Are you a royal aficionado? Is History an interest of yours? Do you like reading? If so, you will enjoy these books about royal history, all due to be released in November.
After the Sheikhs, Christopher M. Davidson – Release Date: November 11, 2013
Often overshadowed by the more famous British and European monarchies are the extremely affluent Gulf monarchies – Saudi Arabia, the U. A. E, Kuwait, Qatar, Oman and Bahrain. These countries have been under autocratic rule for a long time and, despite conflicts, an increase in population and globalisation interfering with their conservative way of life, the traditional monarchies continue to thrive. But British academic Christopher Davidson predicts the inevitable collapse of the Kings, Sultans and Emirs who were resilient in the face of adversity. He cites revolutionary movements in North Africa, Syria and Yemen as indirect catalysts to the impeding fall of the Gulf monarchies. Mr. Davidson was able to foresee the economic turmoil that affected Dubai in 2009, and has a knack for predicting political and social changes in the Gulf countries. His book ‘After the Sheikhs’ has already received acclaim from The Guardian and The Independent.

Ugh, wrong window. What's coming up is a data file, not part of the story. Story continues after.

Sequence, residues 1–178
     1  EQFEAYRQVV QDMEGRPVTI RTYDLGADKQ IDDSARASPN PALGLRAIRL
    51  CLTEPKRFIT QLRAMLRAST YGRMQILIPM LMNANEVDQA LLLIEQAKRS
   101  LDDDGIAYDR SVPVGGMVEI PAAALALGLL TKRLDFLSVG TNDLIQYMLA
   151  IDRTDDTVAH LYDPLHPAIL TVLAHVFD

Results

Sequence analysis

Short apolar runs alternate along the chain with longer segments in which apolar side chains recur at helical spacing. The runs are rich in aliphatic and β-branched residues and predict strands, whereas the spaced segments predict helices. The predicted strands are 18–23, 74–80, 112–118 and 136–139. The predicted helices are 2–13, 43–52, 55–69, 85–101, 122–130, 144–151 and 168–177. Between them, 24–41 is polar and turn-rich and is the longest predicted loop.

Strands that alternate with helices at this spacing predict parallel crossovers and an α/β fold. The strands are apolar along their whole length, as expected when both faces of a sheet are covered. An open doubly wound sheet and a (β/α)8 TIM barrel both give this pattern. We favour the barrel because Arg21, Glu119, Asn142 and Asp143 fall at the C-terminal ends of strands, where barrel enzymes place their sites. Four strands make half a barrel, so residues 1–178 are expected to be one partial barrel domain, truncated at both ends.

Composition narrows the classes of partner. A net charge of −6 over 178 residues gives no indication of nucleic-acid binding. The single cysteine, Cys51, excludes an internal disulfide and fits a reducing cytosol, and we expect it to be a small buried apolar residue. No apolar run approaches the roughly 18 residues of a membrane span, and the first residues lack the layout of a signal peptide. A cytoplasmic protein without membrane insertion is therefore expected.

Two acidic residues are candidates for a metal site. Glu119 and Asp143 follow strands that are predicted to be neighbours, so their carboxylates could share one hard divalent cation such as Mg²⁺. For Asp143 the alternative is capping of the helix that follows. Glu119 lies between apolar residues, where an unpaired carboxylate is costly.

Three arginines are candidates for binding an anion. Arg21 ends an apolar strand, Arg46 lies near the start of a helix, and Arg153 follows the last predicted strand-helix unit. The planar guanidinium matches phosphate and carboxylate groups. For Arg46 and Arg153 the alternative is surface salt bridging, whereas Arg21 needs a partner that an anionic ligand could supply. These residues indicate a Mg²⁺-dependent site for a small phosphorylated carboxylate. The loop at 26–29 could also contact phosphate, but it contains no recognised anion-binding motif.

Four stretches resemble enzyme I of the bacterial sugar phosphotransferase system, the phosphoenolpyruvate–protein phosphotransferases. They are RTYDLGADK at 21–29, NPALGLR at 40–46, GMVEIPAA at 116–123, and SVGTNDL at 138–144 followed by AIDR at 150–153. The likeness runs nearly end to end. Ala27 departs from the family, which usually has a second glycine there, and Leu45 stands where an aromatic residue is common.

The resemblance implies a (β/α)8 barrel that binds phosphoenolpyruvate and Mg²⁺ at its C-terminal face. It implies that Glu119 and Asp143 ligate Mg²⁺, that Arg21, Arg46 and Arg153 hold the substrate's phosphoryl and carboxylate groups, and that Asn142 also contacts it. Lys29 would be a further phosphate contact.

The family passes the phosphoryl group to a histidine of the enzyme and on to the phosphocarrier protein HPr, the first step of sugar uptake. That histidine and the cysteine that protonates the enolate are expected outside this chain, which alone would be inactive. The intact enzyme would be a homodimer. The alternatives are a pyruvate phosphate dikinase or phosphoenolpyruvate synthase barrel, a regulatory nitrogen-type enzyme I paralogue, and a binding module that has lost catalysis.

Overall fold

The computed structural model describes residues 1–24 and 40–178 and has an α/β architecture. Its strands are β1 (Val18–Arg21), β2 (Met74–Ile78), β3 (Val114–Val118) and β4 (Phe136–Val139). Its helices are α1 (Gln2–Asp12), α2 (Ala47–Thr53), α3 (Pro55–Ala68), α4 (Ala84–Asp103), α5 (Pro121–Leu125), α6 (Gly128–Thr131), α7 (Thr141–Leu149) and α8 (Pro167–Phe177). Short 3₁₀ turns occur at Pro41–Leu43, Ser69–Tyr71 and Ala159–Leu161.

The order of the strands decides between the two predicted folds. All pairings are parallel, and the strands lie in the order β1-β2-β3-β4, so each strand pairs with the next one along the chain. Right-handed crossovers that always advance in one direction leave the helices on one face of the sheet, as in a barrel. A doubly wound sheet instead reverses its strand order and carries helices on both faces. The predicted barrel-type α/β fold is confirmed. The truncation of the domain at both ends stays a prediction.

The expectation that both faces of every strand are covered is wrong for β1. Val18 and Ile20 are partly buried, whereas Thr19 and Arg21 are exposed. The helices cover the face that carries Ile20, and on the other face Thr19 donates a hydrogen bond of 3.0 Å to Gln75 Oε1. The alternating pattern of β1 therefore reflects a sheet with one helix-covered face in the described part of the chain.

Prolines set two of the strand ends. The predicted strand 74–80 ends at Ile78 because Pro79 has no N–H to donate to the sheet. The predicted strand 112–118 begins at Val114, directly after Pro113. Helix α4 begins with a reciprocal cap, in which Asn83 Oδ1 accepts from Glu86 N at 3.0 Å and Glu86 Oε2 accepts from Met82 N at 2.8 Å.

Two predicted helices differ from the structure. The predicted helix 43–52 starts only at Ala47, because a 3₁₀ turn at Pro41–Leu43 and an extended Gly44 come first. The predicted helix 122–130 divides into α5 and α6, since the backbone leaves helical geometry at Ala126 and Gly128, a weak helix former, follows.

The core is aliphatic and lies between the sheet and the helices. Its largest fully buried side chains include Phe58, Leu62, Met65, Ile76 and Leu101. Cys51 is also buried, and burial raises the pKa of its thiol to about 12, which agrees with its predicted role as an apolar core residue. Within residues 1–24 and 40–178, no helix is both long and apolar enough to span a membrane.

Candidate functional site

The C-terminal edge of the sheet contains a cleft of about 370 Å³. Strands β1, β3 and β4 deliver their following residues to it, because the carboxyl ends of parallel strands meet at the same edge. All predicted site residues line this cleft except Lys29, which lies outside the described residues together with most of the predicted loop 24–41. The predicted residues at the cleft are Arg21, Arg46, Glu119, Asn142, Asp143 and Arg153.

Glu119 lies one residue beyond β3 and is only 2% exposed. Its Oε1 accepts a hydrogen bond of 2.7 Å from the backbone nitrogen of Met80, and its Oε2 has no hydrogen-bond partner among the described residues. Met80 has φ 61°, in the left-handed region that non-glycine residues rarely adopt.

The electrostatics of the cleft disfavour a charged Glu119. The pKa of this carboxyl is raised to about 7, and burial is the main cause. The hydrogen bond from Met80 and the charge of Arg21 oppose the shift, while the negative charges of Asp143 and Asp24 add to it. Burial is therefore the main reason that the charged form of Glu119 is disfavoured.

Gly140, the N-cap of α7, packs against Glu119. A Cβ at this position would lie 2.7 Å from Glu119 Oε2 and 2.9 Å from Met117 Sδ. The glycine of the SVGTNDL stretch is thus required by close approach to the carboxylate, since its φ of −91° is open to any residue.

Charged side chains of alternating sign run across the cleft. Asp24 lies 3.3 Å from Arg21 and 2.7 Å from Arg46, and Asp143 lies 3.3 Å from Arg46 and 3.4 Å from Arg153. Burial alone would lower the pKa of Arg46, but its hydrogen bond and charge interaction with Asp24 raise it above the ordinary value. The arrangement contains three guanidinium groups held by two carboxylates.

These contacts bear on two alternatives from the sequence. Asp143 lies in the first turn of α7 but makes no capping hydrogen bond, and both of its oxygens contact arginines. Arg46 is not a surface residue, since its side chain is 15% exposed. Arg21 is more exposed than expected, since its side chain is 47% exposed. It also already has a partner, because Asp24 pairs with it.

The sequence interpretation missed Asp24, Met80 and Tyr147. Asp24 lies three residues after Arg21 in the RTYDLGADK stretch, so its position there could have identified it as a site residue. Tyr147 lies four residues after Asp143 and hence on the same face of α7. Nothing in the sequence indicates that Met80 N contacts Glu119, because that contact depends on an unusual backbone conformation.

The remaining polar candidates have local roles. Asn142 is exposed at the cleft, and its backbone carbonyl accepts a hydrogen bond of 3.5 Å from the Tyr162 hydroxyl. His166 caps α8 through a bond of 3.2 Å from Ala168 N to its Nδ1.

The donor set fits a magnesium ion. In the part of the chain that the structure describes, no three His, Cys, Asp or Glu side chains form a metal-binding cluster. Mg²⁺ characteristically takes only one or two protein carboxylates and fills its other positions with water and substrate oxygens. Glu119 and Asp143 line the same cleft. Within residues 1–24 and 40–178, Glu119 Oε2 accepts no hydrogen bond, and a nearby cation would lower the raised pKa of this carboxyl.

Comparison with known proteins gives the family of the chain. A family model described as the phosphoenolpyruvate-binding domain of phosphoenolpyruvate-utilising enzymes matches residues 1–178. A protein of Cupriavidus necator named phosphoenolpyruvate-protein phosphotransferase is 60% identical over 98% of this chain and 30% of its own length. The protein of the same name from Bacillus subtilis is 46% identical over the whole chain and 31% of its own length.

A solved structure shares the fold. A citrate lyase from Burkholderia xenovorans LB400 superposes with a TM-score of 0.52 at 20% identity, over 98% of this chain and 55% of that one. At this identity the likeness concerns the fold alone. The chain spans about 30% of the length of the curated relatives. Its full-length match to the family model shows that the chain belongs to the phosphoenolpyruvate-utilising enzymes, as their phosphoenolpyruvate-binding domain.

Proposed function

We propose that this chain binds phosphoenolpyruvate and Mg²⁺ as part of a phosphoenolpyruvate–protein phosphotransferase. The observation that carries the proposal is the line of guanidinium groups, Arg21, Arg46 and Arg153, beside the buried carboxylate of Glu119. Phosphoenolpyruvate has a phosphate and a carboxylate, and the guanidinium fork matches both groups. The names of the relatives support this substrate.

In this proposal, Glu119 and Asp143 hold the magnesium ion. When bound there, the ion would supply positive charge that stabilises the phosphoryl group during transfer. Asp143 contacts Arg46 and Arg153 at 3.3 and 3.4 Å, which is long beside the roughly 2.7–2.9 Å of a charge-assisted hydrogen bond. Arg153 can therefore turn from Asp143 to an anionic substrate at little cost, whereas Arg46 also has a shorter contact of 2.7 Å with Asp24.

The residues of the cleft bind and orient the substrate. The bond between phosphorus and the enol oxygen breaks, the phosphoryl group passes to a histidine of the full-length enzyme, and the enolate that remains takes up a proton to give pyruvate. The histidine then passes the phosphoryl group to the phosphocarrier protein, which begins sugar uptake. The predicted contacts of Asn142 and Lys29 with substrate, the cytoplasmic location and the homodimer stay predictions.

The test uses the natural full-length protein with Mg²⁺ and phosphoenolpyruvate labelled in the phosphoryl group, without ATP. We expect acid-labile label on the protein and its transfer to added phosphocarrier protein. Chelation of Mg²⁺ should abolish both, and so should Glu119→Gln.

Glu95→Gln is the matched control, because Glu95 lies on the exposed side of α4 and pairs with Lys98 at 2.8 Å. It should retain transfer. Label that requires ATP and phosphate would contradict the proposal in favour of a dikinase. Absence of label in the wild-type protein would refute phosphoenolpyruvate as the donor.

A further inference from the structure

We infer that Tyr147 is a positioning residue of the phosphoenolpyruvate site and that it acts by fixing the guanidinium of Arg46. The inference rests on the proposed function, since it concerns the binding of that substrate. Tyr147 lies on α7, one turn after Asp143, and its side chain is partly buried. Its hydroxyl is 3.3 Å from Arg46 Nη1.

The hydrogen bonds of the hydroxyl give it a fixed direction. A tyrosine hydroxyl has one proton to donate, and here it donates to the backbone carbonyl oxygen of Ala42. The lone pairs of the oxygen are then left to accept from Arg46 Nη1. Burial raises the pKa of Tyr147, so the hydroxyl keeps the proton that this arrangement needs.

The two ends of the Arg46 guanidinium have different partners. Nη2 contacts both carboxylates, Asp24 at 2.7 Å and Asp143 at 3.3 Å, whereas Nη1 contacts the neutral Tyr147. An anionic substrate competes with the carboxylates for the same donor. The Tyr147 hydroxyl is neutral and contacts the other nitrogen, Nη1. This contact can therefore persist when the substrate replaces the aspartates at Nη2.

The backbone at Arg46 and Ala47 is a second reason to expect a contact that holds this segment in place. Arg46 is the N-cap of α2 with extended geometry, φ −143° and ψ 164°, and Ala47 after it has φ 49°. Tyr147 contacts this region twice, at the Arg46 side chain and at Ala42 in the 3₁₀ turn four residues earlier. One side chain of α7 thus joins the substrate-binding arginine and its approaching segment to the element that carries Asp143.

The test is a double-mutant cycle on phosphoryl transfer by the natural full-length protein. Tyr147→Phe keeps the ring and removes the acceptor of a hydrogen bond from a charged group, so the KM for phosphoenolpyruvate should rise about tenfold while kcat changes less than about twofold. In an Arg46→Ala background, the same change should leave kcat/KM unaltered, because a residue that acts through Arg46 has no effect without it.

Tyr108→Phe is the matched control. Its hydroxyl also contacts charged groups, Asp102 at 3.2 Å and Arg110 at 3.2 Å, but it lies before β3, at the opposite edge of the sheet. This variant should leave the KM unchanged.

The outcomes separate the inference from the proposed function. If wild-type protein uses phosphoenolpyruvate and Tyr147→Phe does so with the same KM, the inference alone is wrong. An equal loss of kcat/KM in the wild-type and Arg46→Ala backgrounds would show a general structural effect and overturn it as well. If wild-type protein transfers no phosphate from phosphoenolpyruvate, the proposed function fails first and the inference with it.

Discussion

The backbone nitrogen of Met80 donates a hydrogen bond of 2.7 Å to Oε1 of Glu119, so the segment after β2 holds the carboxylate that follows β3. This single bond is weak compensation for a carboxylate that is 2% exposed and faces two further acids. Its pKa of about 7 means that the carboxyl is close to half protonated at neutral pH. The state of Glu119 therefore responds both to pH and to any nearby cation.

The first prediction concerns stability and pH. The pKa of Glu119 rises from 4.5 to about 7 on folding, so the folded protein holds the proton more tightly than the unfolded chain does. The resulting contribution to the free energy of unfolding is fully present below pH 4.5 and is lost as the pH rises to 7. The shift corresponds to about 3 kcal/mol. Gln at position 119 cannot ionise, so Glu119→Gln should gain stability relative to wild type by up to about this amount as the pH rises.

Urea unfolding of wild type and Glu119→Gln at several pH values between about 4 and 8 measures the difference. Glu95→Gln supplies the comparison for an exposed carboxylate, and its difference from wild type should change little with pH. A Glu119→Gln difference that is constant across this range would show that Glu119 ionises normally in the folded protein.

Henry VIII: The Life and Rule of England’s Nero, John Matusiak – Release Date: November 1, 2013
Arguably the most written-about king England has ever had, King Henry VIII is the subject of yet another publication, this one by Tudor historian, John Matusiak. This study portrays the King as an incredibly flawed individual, who was not only a bad person but also a bad ruler. His worst qualities – his personality, his relationships, his beliefs, follies and hollow triumphs – are all exposed by the author, who deems him completely unfit to have ruled a nation. The book delves into Henry VIII’s past, where it becomes clear that his troubles are largely caused by his own doings. Neither his all-consuming need for a male heir nor his decision to sever ties with Rome were necessary and the paths he chose were not the only ones available. This groundbreaking study of the notorious King, who not just failed to achieve his own goals but jeopardised the reigns of his successors, changes everything you thought you knew about King Henry VIII.
Owain Glyndwr: The Story of the Last Prince of Wales, Terry Beverton – Release Date: November 28, 2013